Return of live auctions is great news for Australian property: REA's Nerida Conisbee

Staff reporterMay 17, 20200 min read


When live auctions were banned due to the health crisis, the number of auctions dropped dramatically with a double hit coming from a broader drop in listing volumes.

Yesterday, there were 137 auctions scheduled in Sydney and 110 scheduled in Melbourne, representing a significant drop compared to this time last year – and auction numbers were already very low due to the 2019 federal election.

While clearance rates only look at a very small portion of the market, the big spike in the New South Wales clearance rate last weekend to 77% is perhaps proof that buyer activity remains strong and that buyers are more comfortable buying in-person than online. This theory is also supported by increased levels of buyer enquiry and search activity on

This weekend, the clearance rate hit 72% in New South Wales and 70% in Victoria.

Restrictions on overseas travel could be a boon for domestic tourism

Australians love overseas travel, spending more money overseas ($58.3 billion) in 2019 than foreign tourists spent in Australia ($44.6 billion).

With borders shut due to the COVID-19 pandemic, that $58.3 billion will stay in Australia and it’s likely a fair proportion of it will be spent on domestic travel. Once domestic travel is up and running again, we may even get close to the $80.7 billion spent on domestic overnight travel last year, or perhaps even exceed that figure.

Tourism Research Australia provides a high level of detail on where both domestic and overseas tourists like to travel. In every part of Australia, domestic tourists spend more than overseas tourists except in one location – Sydney.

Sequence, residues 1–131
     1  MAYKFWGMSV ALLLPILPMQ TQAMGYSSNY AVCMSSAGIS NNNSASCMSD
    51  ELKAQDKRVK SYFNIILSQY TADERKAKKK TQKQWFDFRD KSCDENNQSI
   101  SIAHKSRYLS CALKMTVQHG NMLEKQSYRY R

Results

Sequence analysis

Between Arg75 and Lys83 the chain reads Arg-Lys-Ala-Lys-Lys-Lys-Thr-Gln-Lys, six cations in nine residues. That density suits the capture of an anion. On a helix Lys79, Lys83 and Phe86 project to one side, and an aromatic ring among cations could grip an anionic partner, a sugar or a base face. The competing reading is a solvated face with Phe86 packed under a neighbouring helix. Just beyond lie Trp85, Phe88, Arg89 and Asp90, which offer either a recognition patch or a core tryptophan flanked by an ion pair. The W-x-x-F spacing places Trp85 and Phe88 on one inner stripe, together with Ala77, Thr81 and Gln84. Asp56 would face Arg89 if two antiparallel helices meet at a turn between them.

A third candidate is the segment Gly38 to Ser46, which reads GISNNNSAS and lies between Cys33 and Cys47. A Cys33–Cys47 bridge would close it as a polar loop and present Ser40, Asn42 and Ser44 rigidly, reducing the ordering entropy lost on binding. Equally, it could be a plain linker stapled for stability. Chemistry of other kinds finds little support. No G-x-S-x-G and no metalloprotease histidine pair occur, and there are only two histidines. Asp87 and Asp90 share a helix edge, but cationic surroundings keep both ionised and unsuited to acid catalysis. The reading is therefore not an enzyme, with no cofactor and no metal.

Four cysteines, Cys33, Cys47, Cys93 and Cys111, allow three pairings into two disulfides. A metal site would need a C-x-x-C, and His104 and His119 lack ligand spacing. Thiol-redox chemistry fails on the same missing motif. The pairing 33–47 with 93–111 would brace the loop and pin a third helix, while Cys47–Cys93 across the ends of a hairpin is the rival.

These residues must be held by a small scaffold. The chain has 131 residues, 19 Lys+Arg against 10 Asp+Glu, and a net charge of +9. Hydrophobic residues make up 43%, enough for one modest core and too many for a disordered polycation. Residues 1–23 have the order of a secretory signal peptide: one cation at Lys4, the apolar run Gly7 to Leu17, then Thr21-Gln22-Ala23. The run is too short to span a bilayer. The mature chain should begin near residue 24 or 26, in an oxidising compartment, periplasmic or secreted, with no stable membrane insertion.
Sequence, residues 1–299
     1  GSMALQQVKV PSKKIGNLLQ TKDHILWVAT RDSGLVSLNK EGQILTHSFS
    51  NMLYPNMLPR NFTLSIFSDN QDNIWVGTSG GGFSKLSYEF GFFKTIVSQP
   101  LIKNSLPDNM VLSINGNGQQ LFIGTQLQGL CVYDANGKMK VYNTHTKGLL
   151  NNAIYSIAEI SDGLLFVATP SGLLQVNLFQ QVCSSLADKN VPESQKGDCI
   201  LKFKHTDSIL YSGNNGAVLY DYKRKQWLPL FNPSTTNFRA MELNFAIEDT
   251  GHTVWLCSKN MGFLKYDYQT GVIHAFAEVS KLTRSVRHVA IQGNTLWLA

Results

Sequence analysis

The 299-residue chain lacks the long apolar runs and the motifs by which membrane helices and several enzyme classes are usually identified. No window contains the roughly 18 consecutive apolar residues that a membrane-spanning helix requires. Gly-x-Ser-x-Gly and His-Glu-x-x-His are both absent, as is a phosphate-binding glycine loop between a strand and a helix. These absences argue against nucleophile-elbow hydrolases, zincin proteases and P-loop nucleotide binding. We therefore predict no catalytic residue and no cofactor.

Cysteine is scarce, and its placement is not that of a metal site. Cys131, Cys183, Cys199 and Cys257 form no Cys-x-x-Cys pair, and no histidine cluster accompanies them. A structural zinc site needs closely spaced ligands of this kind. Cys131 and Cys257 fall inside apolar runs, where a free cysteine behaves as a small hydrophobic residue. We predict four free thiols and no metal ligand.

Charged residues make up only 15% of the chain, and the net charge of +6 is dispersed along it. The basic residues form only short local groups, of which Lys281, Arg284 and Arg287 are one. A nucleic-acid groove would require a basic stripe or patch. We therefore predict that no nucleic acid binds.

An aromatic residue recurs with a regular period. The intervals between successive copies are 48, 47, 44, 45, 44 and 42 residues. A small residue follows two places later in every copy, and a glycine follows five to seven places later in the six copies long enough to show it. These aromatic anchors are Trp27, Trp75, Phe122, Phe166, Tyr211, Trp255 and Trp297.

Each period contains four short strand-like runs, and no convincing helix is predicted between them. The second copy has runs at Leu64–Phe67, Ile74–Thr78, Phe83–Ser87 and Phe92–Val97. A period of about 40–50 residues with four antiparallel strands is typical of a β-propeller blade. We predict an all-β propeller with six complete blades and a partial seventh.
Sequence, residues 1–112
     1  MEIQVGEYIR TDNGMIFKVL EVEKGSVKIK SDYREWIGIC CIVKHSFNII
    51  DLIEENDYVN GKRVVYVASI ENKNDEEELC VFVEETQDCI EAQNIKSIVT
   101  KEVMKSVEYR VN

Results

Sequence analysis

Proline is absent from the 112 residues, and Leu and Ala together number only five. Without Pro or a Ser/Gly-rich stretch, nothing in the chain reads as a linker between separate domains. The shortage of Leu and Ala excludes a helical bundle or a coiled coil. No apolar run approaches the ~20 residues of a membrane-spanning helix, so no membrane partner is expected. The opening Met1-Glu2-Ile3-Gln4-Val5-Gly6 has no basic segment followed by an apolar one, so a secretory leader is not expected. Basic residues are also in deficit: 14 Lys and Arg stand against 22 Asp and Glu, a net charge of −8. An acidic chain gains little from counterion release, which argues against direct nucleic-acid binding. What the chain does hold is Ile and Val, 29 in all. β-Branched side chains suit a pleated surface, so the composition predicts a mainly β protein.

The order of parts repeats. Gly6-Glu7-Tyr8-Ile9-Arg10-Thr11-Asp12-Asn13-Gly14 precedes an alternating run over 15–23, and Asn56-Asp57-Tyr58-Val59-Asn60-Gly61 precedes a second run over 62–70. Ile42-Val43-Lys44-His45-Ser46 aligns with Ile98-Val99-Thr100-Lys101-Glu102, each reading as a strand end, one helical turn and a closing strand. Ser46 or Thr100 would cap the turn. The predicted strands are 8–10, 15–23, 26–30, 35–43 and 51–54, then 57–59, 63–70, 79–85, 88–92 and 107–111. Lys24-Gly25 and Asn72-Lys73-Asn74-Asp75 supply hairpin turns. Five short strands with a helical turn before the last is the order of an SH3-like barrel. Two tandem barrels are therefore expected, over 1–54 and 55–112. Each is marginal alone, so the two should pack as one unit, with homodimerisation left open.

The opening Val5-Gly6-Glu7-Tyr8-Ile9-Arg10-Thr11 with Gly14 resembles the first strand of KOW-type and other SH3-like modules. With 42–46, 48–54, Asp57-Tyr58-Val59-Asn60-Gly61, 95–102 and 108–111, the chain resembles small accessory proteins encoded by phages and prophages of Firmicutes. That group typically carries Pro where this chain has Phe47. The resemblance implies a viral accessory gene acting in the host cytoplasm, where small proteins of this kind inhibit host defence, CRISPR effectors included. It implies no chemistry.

If our travel patterns remain consistent, then the area that will benefit most from a domestic tourism boom will be Melbourne, followed by Sydney and Brisbane. The regional areas that will benefit include the northern coast of New South Wales, Gold Coast and Sunshine Coast.

Domestic tourism could surge on Queensland’s Sunshine Coast after COVID-19.

There is a lot of uncertainty about whether domestic travel patterns will remain consistent. Can Melbourne continue to offer the sporting and cultural events it is so famous for in this environment? Will some states continue to maintain border closures?

The rate of domestic tourism will also depend on marketing expenditure – big campaigns may get us all travelling to the outback, the Limestone Coast or the Fleurieu Peninsula.

Banks are flush with cash but access to funding isn’t easy

The one positive in this downturn is that we are not in a financial crisis. Our banks are well capitalised and, at this stage, are not weighed down by bad debt.

Nevertheless, according to mortgage brokering business Smartline, the banks are being very cautious and taking measures to:

1.Tighten lending policies including discounting of non-core income such as bonuses, casual income and overtime and;

2. Introduce more questions and forms to mitigate losses from people who have been impacted by COVID-19;

3. Meanwhile, Smaller lenders who are less able to weather the storm are being even more cautious – some have even lifted interest rates – and service levels are now varying greatly – those that have relied on off-shore lending operations seem far more heavily impacted. Insurers are also being much stricter.

While access to funding isn’t easy, it hasn’t dented demand for home loans and many people are looking to refinance to get a better deal. Total submissions for home loans through Smartline have increased 21% while settlements have increased by 8%.

NERIDA CONISBEE is the chief economist for the REA Group

Staff reporter

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